New £2.9 million project to develop rehabilitation programme for people with multiple long-term conditions
Researchers in Leicester are developing a new programme to provide exercise-based rehabilitation to people living with multiple long-term health conditions.
The PERFORM study (Personalised Exercise-Rehabilitation for people with Multiple long-term conditions) is funded by the National Institute of Health Research (NIHR). The project is led by researchers in Leicester and University of Glasgow and supported by the NIHR Leicester Biomedical Research Centre – a partnership between the Leicester’s Hospitals, the University of Leicester and Loughborough University.
There are a growing number of people living with more than one long-term health condition as care improves and life expectancy has increased. However, health care services often only address one condition at a time. People with more than one health condition often have complex needs that are not always met by this approach.
The researchers hope to produce a personalised exercise-rehabilitation programme for people living with multiple long term health conditions that factors in these complex needs.
Exercise based rehabilitation is currently used to support patients with a range of conditions including chronic obstructive pulmonary disease (COPD), heart failure and chronic renal disease. The aim of exercise based rehabilitation is to reduce the impact of symptoms on quality of life, rather than treat the condition itself, yet is usually disease-specific.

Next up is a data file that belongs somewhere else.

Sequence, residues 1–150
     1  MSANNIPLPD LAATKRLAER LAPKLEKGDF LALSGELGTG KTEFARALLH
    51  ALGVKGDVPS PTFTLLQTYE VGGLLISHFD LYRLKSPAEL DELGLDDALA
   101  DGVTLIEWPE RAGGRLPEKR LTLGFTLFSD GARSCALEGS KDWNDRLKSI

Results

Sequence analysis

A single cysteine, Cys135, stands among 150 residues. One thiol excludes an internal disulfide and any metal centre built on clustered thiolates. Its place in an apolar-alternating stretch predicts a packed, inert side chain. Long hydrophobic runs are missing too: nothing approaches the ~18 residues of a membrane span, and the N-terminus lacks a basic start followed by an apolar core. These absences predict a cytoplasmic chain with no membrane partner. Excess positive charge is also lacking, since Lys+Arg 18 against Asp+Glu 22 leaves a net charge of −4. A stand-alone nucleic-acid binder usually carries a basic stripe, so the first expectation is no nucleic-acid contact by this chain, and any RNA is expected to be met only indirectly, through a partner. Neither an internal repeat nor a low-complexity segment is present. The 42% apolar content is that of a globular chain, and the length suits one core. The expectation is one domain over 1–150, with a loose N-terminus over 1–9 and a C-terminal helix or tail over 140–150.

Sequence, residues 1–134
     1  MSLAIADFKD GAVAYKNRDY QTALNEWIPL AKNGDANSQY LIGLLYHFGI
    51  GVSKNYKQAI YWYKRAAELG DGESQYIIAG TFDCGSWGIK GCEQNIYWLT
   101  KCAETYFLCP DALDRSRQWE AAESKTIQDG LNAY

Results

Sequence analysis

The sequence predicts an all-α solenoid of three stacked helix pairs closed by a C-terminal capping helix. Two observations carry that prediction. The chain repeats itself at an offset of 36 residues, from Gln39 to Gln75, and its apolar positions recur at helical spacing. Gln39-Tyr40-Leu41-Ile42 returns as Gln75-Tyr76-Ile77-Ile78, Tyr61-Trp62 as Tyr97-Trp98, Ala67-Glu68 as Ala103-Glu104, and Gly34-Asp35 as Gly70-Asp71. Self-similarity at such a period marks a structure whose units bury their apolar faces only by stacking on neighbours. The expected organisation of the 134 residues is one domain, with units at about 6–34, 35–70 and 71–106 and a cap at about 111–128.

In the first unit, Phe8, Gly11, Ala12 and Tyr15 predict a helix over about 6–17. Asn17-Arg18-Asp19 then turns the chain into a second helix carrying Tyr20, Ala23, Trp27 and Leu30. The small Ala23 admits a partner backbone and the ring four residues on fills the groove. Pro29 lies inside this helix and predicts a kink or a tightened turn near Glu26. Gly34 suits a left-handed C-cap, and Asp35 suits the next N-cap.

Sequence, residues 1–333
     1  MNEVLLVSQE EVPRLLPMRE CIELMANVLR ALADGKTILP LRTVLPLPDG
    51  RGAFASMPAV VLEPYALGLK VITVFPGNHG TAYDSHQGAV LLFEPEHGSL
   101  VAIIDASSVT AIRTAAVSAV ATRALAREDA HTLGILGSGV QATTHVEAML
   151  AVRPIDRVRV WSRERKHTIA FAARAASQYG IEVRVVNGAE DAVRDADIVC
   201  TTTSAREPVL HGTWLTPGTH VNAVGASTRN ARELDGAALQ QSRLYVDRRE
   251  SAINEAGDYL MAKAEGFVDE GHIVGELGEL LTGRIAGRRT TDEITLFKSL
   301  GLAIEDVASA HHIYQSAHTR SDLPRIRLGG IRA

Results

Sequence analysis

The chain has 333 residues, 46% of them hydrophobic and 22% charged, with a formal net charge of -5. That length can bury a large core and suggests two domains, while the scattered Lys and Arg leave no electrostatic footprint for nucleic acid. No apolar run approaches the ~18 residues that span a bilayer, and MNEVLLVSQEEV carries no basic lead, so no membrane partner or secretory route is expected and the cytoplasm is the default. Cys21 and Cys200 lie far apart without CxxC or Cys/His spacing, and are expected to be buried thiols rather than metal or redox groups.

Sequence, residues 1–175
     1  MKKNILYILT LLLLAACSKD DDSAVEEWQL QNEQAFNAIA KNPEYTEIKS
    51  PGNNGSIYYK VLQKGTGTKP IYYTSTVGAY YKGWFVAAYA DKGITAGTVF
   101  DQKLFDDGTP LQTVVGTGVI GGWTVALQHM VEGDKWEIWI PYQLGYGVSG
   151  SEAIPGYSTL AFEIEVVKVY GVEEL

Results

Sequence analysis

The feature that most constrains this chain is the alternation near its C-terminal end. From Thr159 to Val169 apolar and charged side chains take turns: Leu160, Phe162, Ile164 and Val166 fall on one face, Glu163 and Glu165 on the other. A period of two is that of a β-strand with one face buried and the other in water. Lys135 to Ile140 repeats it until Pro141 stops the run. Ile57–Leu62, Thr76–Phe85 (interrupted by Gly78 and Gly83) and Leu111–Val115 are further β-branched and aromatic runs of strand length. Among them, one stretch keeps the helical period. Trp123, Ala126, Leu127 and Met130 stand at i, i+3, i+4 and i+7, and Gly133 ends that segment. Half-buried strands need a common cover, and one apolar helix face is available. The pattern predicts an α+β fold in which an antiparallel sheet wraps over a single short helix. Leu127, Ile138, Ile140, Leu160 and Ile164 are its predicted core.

Professor Sally Singh, co-lead of the project and Professor of Cardiac and Pulmonary Rehabilitation at the University of Leicester and Leicester Hospitals, said: “We know that people who undergo respiratory or cardiac exercise-based rehabilitation see a real improvement in their quality of life, a reduction in their symptoms and an increased ability to carry out their day-to-day tasks. However, we’ve also heard from a lot of people with multiple long term conditions that current rehabilitation programmes don’t meet their needs.
“This programme will take a more personalised, patient-centred, and holistic approach to exercise rehabilitation. People will undergo individual assessments of their needs so we can focus on improving what matters most to them.”
The research team will work with people living with multiple long term health conditions, current rehabilitation service users, and healthcare workers to design the new programme. It will then be tested in clinical trials across the UK to investigate the benefit to patients. The team are also working with experts from the Universities of Birmingham, Exeter, Salford, York and Royal College of Surgeons in Ireland.
Professor Rod Taylor, co-lead and Professor of Population Health Research, MRC/CSO Social and Public Health Sciences Unit & Robertson Centre for Biostatistics, University of Glasgow said: “The traditional approach of rehabilitation which focuses on single diseases, limits what we can offer to the wider population of people with multiple long-term conditions who could benefit from these services. This NIHR Programme Grant represents an exciting opportunity for us to address this important issue.”